How to minimise Inheritance Tax bills as house prices surge - Palmers Solicitors

How to minimise Inheritance Tax bills as house prices surge

How to minimise Inheritance Tax bills as house prices surge

More and more people are being drawn into paying Inheritance Tax (IHT), as the price of property soars.

Here, Tim Steele, a Director with Palmers, who specialises in older client matters and putting in place plans to minimise Inheritance Tax, explains when the tax is payable and what you can do reduce your IHT burden:

What is IHT?

Inheritance Tax is a tax on the estate (the property, money and possessions) of someone who has died.

How much do I have to pay?

IHT is levied at 40 per cent on everything in an individual’s estate at their death above the Nil Rate Band of £325,000.

However, many taxpayers also benefit from the Residence Nil Rate Band, which adds an additional allowance of £175,000 for their main property if it is passed to direct descendants.

If you are married or in a civil partnership these allowances can be passed to a spouse or partner once the other person dies.

Are there any ways to save on IHT?

Here are some of the ways that you can cut your IHT bill with careful planning:

Gifting

There’s usually no IHT to pay on small gifts you make out of your normal income, such as Christmas or birthday presents, which are commonly referred to as ‘exempted gifts’.

There is also no IHT to pay on gifts between spouses or civil partners and you can transfer as you like during your lifetime, as long as they live in the UK permanently.

You can give away £3,000 worth of gifts each tax year without them being added to the value of your estate thanks to the ‘annual exemption’. If you have any unused annual exemption, you can carry it forward to the next year – but only for one year.

Each tax year, you can also give away additional gifts if they relate to special events such as weddings, birthdays or Christmas, or if they support the living costs of another person, such as an elderly relative or a child under 18.

You can also give as many gifts of up to £250 per person as you want during the tax year as long as you have not used another exemption on the same person.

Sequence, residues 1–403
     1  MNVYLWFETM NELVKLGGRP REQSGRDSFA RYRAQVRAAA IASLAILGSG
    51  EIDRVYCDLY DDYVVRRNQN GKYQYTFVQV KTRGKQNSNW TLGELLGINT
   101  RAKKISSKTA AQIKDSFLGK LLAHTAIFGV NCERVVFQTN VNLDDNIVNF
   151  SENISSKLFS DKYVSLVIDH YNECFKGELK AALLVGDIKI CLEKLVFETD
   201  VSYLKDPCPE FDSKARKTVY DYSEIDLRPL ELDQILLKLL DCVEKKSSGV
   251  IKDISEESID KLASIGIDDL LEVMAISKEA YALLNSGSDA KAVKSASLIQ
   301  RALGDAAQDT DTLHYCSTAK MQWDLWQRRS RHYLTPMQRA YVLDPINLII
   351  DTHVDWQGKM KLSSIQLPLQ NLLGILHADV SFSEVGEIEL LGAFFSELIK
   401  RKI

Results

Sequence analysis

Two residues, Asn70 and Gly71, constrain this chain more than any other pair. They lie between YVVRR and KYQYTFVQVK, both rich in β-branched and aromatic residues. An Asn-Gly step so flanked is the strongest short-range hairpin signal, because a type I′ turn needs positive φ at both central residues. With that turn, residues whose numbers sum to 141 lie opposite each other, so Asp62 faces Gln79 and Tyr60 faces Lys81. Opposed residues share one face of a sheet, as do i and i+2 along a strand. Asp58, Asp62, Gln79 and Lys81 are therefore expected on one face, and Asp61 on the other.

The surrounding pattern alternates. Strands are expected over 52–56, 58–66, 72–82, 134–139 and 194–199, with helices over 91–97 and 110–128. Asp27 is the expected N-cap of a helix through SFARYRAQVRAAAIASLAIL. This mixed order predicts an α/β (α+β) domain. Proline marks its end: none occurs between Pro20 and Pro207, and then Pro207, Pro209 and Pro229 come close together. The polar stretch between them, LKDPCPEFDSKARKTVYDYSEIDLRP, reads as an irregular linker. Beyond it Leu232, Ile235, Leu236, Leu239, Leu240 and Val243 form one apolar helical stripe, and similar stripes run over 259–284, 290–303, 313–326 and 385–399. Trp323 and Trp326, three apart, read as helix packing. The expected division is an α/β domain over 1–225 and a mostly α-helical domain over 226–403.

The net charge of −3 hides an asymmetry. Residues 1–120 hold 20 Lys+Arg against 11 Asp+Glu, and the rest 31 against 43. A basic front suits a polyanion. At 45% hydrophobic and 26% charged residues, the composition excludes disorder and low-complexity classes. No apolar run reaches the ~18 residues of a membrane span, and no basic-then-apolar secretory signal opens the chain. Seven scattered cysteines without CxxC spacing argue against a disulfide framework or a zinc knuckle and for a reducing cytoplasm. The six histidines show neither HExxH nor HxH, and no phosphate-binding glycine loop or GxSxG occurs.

However, other gifts count towards the value of your estate, and you could be charged IHT if you give away more than £325,000 in the seven years before your death.

Business Property Relief or Agricultural Property Relief

Certain assets receive relief from IHT, these include Business Property, Agricultural Property and Heritage Assets.

These reliefs can reduce or eliminate the value of an asset being included within an estate, but they often rely on certain conditions being met. However, not every interest in a business will qualify for these specialist reliefs so it is worth seeking specialist professional advice when managing your estate.

Charity

Anything left to charity in your Will won’t count towards the total taxable value of your estate. Known as a ‘charitable legacy’, this will also reduce the IHT rate on the rest of your estate from 40 per cent to 36 per cent, as long as you leave at least 10 per cent to charity.

Trusts

Trusts can play a role in reducing a family’s exposure to IHT so that more can be passed on to future generations, but they say they can also help look after family assets and provide for family members who are too young or vulnerable to deal with financial matters.

One of the main benefits of a trust is that, should you elect to act as the trustee, you would continue to maintain control over the assets gifted whilst your estate’s exposure to IHT is reduced as, after seven years, the gift is out of the Settlor’s estate completely.

Assets transferred into a trust are no longer considered as belonging to the Settlor, so they are taxed according to the rules governing the trustee.

Many people would prefer to provide for a beneficiary through a trust as opposed to passing assets to them outright. This could involve a source of income for a beneficiary for life or providing education for children but not allowing them to access funds until they are older.

If you would like more information or advice about Inheritance Tax planning, please get in touch with our expert team.